The Alzheimer’s Association Greater Indiana issued the following statement Tuesday:
INDIANAPOLIS, January 21, 2014 – Six in 10 people with Alzheimer’s disease will wander. Alzheimer’s disease causes millions of Americans to lose their ability to recognize familiar places and faces, increasing their risk of wandering and getting lost. In cold temperatures and winter weather conditions, wandering, although common, can be dangerous – even life-threatening – and is a significant safety concern.
“As weather becomes dangerous it is vital to keep your loved one with dementia safe by taking simple precautions to prevent wandering, such as motion detectors, window alarms and creating activities in the home that will reduce agitation,” says Linda Altmeyer, Alzheimer’s Association Greater Indiana Chapter Director of Programs.
Consider the home environment:
- Night-lights: Place throughout the home or facility.
- Locks: Place out of sight. Install slide bolts at the top or bottom of doors.
- Doors: Camouflage doors by painting them the same colors as the walls. Cover them with removable curtains or screens.
- Door knobs: Cover knobs with cloth the same color as the door. Use childproof knobs.
- Monitoring devices: Try devices that signal when a door is opened. Place a pressure-sensitive mat at the door or bedside to alert of movement.
- Labeling: Label all doors. Use signs or symbols to explain the purpose of each room.
- Secure trigger items: Some people will not go out without a coat, hat, pocketbook, keys, wallet, etc. Making these items unavailable can prevent wandering.
When weather temperatures plummet and staying indoors is encouraged, planning ahead for your loved one can be crucial for his or her safety. “The Alzheimer’s Association can help with activity suggestions, communication and how to identify confusion and the triggers that increase the incidence of wandering,” says Altmeyer. Have a plan in place beforehand, so you know what to do in case of an emergency.
- Enroll the person in MedicAlert®+ Alzheimer’s Association Safe Return®. Call 888.572.8566 or enroll online at www.alz.org/safereturn.
- Consider having the person carry or wear an electronic tracking GPS device that helps manage location. Comfort Zone® and Comfort Zone Check-In® are two options. Visit www.alz.org/comfortzone for further information.
- Keep a list of people for the person with dementia to call when feeling overwhelmed. Have their telephone numbers in one location and easily accessible.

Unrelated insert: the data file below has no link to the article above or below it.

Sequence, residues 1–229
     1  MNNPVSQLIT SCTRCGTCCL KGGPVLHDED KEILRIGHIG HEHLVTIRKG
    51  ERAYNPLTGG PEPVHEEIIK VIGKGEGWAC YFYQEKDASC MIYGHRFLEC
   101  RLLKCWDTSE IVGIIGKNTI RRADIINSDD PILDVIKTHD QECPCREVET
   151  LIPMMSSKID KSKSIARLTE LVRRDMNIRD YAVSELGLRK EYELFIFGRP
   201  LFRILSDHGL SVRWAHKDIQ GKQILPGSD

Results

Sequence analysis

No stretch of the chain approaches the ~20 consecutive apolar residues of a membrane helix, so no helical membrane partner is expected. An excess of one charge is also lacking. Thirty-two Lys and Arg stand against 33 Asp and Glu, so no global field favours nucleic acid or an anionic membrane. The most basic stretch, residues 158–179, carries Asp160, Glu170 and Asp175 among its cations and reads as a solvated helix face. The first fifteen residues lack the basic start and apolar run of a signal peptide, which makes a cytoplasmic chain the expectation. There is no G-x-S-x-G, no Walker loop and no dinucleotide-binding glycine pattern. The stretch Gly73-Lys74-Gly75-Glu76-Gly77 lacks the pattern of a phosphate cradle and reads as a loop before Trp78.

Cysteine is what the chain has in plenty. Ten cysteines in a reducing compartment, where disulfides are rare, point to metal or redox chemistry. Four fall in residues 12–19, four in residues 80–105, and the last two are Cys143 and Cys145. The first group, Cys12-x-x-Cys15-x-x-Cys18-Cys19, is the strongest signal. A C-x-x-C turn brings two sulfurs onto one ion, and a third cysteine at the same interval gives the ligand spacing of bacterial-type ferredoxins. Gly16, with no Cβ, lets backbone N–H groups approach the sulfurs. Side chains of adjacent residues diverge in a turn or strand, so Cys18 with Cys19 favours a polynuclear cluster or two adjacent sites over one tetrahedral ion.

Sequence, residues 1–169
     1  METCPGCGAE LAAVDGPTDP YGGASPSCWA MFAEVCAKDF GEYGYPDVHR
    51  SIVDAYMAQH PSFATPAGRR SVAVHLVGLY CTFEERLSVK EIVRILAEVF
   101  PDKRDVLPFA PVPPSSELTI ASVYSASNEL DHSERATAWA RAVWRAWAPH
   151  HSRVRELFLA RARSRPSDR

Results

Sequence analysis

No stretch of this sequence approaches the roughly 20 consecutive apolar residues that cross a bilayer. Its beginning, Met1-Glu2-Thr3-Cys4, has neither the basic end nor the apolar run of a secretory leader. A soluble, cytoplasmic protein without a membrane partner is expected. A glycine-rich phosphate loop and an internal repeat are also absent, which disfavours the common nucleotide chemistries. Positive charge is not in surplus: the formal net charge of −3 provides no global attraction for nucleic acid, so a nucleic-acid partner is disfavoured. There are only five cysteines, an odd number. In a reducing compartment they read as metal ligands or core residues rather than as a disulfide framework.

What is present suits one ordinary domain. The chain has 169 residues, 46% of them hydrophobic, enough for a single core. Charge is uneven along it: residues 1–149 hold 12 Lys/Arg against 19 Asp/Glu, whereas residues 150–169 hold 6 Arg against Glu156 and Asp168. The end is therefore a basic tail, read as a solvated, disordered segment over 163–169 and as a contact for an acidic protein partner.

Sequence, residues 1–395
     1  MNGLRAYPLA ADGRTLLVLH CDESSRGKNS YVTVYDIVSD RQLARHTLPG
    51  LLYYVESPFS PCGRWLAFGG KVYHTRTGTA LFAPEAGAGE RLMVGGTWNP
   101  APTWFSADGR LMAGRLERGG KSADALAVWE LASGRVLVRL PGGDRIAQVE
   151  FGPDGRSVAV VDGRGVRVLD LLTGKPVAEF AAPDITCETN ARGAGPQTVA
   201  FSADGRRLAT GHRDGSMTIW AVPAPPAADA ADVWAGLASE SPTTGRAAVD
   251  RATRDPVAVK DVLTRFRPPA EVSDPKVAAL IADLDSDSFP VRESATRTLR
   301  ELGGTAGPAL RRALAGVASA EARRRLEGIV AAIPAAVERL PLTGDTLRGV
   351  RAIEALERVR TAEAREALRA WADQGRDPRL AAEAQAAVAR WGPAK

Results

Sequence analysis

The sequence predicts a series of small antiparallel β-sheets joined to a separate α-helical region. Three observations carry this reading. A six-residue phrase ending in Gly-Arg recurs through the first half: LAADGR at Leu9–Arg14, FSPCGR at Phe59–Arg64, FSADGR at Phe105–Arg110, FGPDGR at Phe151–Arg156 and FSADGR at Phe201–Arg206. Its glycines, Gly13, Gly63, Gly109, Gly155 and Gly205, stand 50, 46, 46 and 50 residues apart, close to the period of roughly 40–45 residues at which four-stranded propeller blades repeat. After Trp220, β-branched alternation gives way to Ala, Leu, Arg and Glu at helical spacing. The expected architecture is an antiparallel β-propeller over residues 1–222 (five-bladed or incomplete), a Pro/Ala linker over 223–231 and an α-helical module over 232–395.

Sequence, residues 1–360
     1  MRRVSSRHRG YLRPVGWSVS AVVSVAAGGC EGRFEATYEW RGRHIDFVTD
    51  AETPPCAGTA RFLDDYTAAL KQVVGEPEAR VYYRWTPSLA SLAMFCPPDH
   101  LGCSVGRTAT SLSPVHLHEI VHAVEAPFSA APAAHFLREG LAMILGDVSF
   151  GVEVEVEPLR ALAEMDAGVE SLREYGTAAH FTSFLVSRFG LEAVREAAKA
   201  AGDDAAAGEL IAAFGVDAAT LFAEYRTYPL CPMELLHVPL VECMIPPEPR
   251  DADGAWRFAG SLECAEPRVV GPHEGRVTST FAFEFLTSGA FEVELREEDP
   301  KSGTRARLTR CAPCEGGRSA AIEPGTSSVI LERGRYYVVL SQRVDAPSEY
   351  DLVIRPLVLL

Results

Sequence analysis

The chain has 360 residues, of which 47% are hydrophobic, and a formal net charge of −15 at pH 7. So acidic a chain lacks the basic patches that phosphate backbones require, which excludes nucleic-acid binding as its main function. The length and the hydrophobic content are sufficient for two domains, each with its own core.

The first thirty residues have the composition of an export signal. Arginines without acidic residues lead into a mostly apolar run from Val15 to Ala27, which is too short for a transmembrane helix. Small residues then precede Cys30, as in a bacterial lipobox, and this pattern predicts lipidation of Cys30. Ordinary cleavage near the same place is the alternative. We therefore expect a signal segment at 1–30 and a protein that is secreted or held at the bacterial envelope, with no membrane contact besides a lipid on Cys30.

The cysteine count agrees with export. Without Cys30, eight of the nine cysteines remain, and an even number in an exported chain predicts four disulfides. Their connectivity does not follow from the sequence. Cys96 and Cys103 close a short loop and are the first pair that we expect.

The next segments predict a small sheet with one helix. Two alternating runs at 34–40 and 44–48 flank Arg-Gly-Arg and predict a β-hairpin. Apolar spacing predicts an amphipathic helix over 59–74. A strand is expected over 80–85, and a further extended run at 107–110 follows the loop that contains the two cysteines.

- Ask neighbors, friends and family to call if they see the person alone or dressed inappropriately.
- Keep a recent, close-up photo and updated medical information on hand to give to police.
- Know your neighborhood. Pinpoint dangerous areas near the home, such as bodies of water, open stairwells, dense foliage, tunnels, bus stops and roads with heavy traffic.
- Know if the individual is right or left-handed. Wandering generally follows the direction of the dominant hand.
- Keep a list of places where the person may wander, like past jobs, former homes, places of worship or a restaurant.
If the person does wander, search the immediate area for no more than 15 minutes. Call 911 and report that a person with Alzheimer’s disease — a "vulnerable adult" — is missing. A Missing Report will be filed, and the police will begin to search for the individual. In addition, a report should be filed with MedicAlert+ Alzheimer’s Association Safe Return at 800.625.3780. First responders are trained to check with MedicAlert+ Alzheimer’s Association Safe Return when they locate a missing person with dementia. You do not need to be enrolled in MedicAlert+ Alzheimer’s Association Safe Return in order to file a missing report.
For more information, call 800.272.3900 or visit alz.org/Indiana.
About the Alzheimer’s Association:
The Alzheimer’s Association is the world’s leading voluntary health organization in Alzheimer’s care, support and research. Our mission is to eliminate Alzheimer’s disease through the advancement of research, to provide and enhance care and support for all affected, and to reduce the risk of dementia through the promotion of brain health. Our vision is a world without Alzheimer’s®. Visit alz.org/indiana or call 800.272.3900.
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